|« Prev||Commentary on Chapter 8||Next »|
1. And God remembered Noah and every living thing - This is an expression after the manner of men, for not any of his creatures, much less any of his people are forgotten of God. But the whole race of mankind, except Noah and his family, was now extinguished, and gone into the land of forgetfulness, so that God's remembering Noah was the return of his mercy to mankind, of whom he would not make a full end. Noah himself, tho' one that had found grace in the eyes of the Lord, yet seemed to be forgotten in the ark; but at length God returned in mercy to him, and that is expressed by his remembering him.
3. The waters returned from off the earth continually - Hebrew. they were going and returning; a gradual departure. The heat of the sun exhaled much, and perhaps the subterraneous caverns soaked in more.
4. And the ark rested - upon the mountains of Ararat - Or, Armenia, whether it was directed, not by Noah's prudence, but the wise providence of God.
5. The tops of the mountains were seen - Like little islands appearing above water. They felt ground above forty days before they saw it, according to Dr. Lightfoots's computation, whence he infers that if the waters decreased proportionably, the ark drew eleven cubits in water.
7. Noah sent forth a raven through the window of the ark, which went forth, as the Hebrew phrase is, going forth and returning, that is, flying about, but returning to the ark for rest; probably not in it, but upon it. This gave Noah little satisfaction: therefore,
8. He sent forth a dove - Which returned the first time with no good news, but probably wet and dirty; but the second time she brought an olive leaf in her bill, which appeared to be fresh plucked off; a plain indication that now the trees began to appear above water. Note here, that Noah set forth the dove the second time, seven days after the first time, and the third time was after seven days too: and probably the first sending of her out was seven days after the sending forth of the raven. The olive branch is an emblem of peace.
13. Noah removed the covering of the ark - Not the whole covering, but so much as would suffice to give him a prospect of the earth about it: and behold the face of the ground was dry.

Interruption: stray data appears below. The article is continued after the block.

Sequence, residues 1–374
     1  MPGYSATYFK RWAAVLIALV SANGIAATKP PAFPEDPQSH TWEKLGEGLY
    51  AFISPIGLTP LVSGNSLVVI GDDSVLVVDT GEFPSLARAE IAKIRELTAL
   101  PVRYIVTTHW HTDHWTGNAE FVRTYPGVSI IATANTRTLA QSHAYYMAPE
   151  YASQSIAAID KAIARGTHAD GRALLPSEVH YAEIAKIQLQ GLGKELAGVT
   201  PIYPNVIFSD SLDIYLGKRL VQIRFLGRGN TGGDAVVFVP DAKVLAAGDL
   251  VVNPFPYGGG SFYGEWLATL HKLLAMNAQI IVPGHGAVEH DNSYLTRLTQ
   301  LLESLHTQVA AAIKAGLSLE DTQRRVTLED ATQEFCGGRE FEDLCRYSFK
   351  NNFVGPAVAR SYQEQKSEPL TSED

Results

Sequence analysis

14. The earth was dried - So as to be a fit habitation for Noah.
20. And Noah builded an altar - Hitherto he had done nothing without particular instructions and commands from God but altars and sacrifices being already of Divine institution, he did not stay for a particular command thus to express his thankfulness. And he offered on the altar, of every clean beast and of every clean fowl - One, the odd seventh that we read of, ver. 2, 3.
21. And God smelled a sweet savour - Or a savour of rest from it, as it is in the Hebrew. He was well pleased with Noah's pious zeal, and these hopeful beginnings of the new world, as men are with fragrant and agreeable smells. I will not again curse the ground, Hebrew. I will not add to curse the ground any more - God had cursed the ground upon the first entrance of sin, chap. iii, 17, when he drowned it he added to that curse: but now he determines not to add to it any more. Neither will I again smite any more every living thing - That is, it was determined that whatever ruin God might bring upon particular persons, families or countries, he would never again destroy the whole world, 'till the day when time shall be no more. But the reason of this resolve is surprising; for it seems the same with the reason given for the destruction of the world, chap. vi, 5. Because the imagination of man's heart is evil from his youth. But there is this difference: there it is said, the imagination of man's heart is evil continually, that is, his actual transgressions continually cry against him; here it is said, that it is evil from his youth or childhood; he brought it into the world with him, he was shapen and conceived in it. Now one would think it should follow, therefore that guilty race shall be wholly extinguished: No; therefore I will no more take this severe method; for he is rather to be pitied: and it is but what might be expected from such a degenerate race. So that if he be dealt with according to his deserts, one flood must succeed another 'till all be destroyed. God also promises, that the course of nature should never be discontinued. While the earth remaineth, and man upon it, there shall be summer and winter, not all winter, as had been this last year; day and night, not all night, as probably it was while the rain was descending. Here it is plainly intimated that this earth is not to remain always; it and all the works therein must shortly be burnt up. But as long as it doth remain, God's providence will carefully preserve the regular succession of times and seasons. To this we owe it, that the world stands, and the wheel of nature keeps its tack. See here how changeable the times are, and yet how unchangeable!
1. The course of nature always changing. As it is with the times, so it is with the events of time, they are subject to vicissitudes, day and night, summer and winter counterchanged. In heaven and hell it is not so; but on earth God hath set the one over against the other.
2. Yet never changed; it is constant in this inconstancy; these seasons have never ceased, nor shall cease while the sun continues such a steady measurer of time, and the moon such a faithful witness in heaven. This is God's covenant of the day and of the night, the stability of which is mentioned for the confirming our faith in the covenant of grace, which is no less inviolable, Jer. xxxiii, 20. We see God's promises to the creatures made good, and thence may infer that his promises to believers shall be so.
|« Prev||Commentary on Chapter 8||Next »|